4. Blog Your Way To Sales

Does your ecommerce site have a blog? It should.

And no, that short-lived personal blog about inconsistencies in the Star Wars universe you ran 10 years ago isn’t going to cut it. You need a dedicated business blog discussing topics relevant to your products and customers.

There are several reasons blogging is important, not least of all from an SEO point of view.

Creating new posts means you’re creating new content, which signals to search engines your site is active. It’s also a means to generate those all-important backlinks.

A quality blog also helps establish your reputation as an authority in your niche, contributes to your brand image, and even decreases bounce rate.

Make your blog an asset to your ecommerce site by creating and implementing a good content strategy built on three key factors: people, technology, and process.

And remember, your blog is your chance to show off your personality. Because it’s a more informal conversation with customers than other, more rigid marketing materials, you can have more fun.

Create the kind of posts that show you’re passionate about your products and happy to share your expertise.

And don’t forget the social media share buttons (which are also an excellent idea for product pages). This allows people to spread your posts outside of your normal audience, generating more exposure and ideally leading to more sales.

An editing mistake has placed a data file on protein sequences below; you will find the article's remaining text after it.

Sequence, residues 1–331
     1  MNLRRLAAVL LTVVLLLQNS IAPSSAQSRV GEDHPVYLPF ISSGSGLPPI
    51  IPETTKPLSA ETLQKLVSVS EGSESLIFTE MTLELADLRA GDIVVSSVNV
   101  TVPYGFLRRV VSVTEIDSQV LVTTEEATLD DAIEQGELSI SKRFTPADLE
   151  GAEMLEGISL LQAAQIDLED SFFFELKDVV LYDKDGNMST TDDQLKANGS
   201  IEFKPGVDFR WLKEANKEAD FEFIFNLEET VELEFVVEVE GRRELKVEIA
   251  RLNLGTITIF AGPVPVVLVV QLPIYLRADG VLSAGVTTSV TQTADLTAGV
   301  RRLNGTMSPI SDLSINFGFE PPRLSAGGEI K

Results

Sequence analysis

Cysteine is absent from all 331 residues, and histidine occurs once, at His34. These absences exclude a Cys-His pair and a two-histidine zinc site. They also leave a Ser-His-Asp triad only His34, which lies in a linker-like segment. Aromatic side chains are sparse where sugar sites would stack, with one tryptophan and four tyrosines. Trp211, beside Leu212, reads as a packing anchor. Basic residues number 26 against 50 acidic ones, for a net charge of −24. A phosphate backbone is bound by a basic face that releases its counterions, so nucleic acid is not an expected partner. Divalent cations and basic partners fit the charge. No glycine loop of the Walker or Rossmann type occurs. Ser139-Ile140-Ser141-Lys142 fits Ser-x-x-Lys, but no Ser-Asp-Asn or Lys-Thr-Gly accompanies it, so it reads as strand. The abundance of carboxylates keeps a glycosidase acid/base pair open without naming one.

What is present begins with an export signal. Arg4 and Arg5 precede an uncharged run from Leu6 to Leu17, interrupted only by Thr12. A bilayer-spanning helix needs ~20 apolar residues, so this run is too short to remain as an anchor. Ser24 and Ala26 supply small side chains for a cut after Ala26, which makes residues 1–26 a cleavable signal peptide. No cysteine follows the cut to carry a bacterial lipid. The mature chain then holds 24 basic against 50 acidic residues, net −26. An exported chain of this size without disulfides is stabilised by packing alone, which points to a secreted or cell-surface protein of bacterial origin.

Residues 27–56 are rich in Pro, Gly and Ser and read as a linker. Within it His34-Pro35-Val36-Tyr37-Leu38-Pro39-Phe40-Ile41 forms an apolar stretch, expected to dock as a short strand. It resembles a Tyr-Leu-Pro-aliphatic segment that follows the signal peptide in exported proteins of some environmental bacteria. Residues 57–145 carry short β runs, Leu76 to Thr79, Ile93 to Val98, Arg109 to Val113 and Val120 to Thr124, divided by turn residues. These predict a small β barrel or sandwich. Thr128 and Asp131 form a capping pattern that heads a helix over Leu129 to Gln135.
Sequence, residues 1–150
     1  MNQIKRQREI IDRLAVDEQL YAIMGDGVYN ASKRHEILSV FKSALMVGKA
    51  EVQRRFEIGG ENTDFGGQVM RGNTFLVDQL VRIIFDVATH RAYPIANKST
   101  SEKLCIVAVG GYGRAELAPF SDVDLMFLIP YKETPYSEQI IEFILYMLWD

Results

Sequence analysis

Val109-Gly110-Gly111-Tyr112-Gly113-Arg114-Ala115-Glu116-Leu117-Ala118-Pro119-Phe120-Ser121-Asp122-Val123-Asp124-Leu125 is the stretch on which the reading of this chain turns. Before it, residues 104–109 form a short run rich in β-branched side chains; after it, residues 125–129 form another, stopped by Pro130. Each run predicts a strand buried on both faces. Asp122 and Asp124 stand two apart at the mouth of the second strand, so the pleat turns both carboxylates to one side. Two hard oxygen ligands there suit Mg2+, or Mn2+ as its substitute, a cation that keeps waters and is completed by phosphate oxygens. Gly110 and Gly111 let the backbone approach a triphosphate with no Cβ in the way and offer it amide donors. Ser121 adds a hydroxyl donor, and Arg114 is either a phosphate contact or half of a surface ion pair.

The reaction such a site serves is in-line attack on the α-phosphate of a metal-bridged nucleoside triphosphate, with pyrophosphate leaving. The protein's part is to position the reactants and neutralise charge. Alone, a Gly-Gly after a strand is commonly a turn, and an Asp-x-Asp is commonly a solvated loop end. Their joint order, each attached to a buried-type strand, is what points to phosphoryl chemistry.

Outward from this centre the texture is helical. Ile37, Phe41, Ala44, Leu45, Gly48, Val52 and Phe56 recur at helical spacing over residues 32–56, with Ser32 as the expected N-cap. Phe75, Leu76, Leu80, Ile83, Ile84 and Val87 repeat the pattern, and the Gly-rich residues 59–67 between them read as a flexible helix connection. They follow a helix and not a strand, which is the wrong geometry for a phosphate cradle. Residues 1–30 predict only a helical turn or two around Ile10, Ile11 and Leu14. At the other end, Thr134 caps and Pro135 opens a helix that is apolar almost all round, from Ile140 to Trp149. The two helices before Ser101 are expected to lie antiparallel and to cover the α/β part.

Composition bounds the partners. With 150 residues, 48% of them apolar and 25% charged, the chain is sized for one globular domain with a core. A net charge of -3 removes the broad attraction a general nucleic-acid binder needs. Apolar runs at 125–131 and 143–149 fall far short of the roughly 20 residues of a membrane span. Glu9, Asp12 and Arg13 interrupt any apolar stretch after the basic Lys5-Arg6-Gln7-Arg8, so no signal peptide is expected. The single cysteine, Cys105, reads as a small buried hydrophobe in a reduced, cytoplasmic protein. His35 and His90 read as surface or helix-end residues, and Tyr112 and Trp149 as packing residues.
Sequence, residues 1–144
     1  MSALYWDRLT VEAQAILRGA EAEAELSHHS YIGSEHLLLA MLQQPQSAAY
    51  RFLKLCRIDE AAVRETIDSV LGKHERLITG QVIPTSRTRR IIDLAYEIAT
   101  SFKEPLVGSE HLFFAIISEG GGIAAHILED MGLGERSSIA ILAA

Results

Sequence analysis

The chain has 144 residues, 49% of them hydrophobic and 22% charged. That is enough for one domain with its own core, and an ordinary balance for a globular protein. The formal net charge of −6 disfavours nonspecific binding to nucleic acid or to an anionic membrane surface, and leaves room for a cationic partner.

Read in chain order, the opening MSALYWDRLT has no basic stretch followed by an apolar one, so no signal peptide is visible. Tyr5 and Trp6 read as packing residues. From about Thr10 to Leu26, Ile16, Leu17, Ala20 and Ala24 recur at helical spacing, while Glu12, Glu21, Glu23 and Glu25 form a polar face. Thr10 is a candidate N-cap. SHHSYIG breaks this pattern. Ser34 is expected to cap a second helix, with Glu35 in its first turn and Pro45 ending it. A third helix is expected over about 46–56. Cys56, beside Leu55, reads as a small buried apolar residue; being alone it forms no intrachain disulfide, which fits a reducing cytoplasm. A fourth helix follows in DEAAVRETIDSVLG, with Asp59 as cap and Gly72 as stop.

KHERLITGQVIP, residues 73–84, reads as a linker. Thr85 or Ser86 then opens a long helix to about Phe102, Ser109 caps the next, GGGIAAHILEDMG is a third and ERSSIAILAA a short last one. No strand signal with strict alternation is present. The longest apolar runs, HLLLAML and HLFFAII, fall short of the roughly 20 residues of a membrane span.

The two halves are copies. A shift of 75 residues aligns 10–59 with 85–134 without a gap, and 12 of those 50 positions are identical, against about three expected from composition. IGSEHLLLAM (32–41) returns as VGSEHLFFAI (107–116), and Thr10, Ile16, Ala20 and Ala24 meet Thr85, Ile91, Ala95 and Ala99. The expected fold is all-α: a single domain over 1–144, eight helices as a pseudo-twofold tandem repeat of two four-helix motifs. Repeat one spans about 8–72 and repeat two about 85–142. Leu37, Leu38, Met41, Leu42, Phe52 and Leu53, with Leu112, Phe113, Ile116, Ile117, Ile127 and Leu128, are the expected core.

Looking for inspiration? Here are nine ecommerce companies doing blogging the right way.

5. Build A Solid Structure

We’ve touched on different aspects of your ecommerce site’s structure so far, but it’s so important it deserves its own section.

One rule you should live by is that all your content should be accessible to visitors within three clicks from your homepage.

Any more than that, and you run a very real risk of customers abandoning the journey.

On that note, your purchasing process should be as streamlined as possible.

Use the minimum number of pages possible to complete a transaction and keep your checkout page simple and straightforward.

Make sure it is always clear to customers where they are in the checkout process.

Have you ever noticed how many e-retailers use the shopping cart icon in the top right corner of their pages? That’s because it works. Don’t try to reinvent the wheel.

Make sure your URL structure is logical and easy to follow.

For example, a product web address of www.example.com/manufacturer/category/item will get more clicks from search engine results pages than www.example.com/01178/iadtttkyu.